5. From a broker's perspective, everybody who sees a boat like a Grand Banks with a 'glassed over deck is going to walk away shaking their head and muttering, "Who was the jackass that ruined such a nice boat." They'll probably list it for you, but at a hugely reduced price. Grand Banks put those teak decks on their boats because they realized that the teak decks increased the value of the boat far beyond the cost of the time and materials to do it. Call it "flash" if you want, but that is one of the features that makes the Grand Banks boats desireable in the marketplace.

    Bottom line, your "new idea" is nothing more than slapping a band aid on a sucking chest wound.

    Remember, now, these are just opinions... your mileage may differ.

  2. #37
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    Default Re: Fiberglassing a Teak Deck

    Quote Originally Posted by Bob Cleek View Post
    Even the best 'glassing job is going to look like crap in short order. To get a good looking job, with a fair surface is going to be difficult and nasty. You will have to do a huge amount of sanding and fairing of cured resin to level it all out.
    I am assuming you are referring to glassing over planks as ending up looking like crap, and not just glassing jobs in general. I have already glassed my flying bridge deck and my boat deck, and the fairing was neither difficult nor nasty. I even used a long-board, to a certain extent, to get the result I wanted. I am very familiar with glassing jobs and know the tricks to getting the surface close to needing little extra sanding and fairing.

    I had to patch in a new section of plywood on my flying bridge helm (where the old instruments were) before glassing, and did not find that work to be very difficult either. A photo is attached to show the end result. As you can see by the reflection, this came out extremely fair.



    Quote Originally Posted by Bob Cleek View Post
    From a broker's perspective, everybody who sees a boat like a Grand Banks with a 'glassed over deck is going to walk away shaking their head and muttering, "Who was the jackass that ruined such a nice boat."
    I think it is a strong statement to claim that "everybody" will have this reaction. Even though many new Grand Banks boats today are sold without teak decks, I can see why those seeking out a 'woodie' may want it for the traditional look. If so, my boat won't be the one they select, but, then again, there will be those who see the value in having a maintenance-free setup and a much more modern look. And, I am not fixing my boat for ease of resale - I'm fixing it for me. I'm running an online forum for Grand Banks owners and enthusiasts and can say that I am far from alone in having this desire.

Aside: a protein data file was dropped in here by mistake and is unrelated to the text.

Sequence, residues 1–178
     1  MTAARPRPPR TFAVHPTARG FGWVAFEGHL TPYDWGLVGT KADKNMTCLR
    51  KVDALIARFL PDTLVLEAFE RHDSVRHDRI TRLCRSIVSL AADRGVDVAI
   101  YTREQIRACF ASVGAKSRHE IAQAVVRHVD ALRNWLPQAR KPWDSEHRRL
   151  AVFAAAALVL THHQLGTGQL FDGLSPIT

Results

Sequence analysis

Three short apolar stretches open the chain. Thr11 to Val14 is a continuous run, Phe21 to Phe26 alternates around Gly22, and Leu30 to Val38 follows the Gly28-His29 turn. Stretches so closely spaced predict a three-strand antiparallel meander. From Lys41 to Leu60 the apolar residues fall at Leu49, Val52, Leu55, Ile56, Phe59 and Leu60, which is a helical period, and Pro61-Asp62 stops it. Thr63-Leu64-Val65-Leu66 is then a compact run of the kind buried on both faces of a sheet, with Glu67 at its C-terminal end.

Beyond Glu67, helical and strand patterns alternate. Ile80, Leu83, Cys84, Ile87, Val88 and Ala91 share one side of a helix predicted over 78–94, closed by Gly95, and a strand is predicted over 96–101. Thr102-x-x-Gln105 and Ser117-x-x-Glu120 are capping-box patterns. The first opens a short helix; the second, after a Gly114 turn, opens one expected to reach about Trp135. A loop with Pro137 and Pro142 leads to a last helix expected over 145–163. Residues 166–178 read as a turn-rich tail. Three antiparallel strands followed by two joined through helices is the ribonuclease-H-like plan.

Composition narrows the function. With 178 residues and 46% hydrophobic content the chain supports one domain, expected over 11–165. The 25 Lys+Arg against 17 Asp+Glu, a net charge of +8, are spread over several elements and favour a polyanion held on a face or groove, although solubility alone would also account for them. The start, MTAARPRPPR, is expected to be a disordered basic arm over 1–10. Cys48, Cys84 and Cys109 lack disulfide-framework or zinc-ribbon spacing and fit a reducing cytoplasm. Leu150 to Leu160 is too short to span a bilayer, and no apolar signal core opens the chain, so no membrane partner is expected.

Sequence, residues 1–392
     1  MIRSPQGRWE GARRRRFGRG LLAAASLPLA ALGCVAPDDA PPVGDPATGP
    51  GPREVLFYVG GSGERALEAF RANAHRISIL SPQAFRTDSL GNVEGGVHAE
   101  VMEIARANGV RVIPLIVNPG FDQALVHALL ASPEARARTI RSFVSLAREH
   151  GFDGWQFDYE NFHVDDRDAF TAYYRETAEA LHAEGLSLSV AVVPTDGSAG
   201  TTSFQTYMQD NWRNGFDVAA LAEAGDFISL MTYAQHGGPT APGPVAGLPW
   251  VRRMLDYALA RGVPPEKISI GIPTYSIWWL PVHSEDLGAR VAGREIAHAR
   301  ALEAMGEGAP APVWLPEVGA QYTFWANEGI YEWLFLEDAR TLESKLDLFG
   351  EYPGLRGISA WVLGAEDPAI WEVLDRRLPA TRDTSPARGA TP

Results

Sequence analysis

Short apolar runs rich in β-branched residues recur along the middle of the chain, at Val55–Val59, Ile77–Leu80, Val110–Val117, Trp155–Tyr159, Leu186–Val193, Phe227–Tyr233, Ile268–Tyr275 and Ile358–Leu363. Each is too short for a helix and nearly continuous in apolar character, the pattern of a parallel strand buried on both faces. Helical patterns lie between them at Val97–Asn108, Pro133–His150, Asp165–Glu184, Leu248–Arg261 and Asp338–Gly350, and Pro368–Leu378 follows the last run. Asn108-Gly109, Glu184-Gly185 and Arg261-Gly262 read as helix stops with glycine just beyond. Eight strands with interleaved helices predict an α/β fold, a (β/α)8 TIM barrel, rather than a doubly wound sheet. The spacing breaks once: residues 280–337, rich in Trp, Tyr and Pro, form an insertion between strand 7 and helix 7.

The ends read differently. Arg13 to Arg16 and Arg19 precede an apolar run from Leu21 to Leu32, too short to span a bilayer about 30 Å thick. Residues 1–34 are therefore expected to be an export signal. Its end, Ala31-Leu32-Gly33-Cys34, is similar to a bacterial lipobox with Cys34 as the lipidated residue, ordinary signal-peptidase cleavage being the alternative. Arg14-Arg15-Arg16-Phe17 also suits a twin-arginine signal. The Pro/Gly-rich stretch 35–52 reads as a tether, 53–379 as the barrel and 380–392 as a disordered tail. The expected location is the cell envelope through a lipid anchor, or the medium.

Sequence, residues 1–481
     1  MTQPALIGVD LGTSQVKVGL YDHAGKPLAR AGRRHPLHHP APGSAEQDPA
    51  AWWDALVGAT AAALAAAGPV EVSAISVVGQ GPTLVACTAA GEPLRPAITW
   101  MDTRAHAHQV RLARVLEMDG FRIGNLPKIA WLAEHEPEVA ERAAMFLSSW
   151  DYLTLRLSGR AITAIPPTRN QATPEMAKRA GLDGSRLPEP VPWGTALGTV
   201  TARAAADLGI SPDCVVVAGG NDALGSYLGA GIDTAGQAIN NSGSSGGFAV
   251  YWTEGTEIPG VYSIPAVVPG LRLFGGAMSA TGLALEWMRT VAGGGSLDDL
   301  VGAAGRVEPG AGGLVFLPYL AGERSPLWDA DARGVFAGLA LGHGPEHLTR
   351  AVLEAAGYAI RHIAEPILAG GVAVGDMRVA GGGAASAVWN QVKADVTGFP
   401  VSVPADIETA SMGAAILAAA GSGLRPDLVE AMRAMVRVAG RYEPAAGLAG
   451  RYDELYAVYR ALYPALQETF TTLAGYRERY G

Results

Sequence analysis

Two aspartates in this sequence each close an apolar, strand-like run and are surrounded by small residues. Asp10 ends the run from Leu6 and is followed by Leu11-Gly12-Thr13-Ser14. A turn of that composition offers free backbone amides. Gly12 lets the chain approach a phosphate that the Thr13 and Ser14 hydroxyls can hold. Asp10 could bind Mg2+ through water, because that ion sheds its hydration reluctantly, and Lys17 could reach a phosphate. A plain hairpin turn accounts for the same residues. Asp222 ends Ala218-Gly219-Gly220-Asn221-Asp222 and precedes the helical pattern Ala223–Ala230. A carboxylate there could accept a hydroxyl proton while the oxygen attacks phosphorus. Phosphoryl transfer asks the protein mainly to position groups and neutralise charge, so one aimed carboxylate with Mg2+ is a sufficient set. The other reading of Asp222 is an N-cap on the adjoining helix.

But now we are debating opinions, which serves no purpose. You are entitled to yours as I am entitled to mine. I will take your comments under consideration with the knowledge that by using the statement "slathering googe" you indicate that I am dealing with someone who has strong feelings on this subject and would not consider any approach other than plank removal as the correct way to go. And you may very well be correct.

    I view several construction methods originally used on this boat as being far from the "right way", and I have, I believe, managed to correct them. The teak decks represent the main remaining task.
    Last edited by Solstice; 12-03-2012 at 05:48 PM.

  3. #38
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    Default Re: Fiberglassing a Teak Deck

    Does this guy have a question for which he does not also have the answer?

  4. #39
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    Default Re: Fiberglassing a Teak Deck

    Quote Originally Posted by JimConlin View Post
    Does this guy have a question for which he does not also have the answer?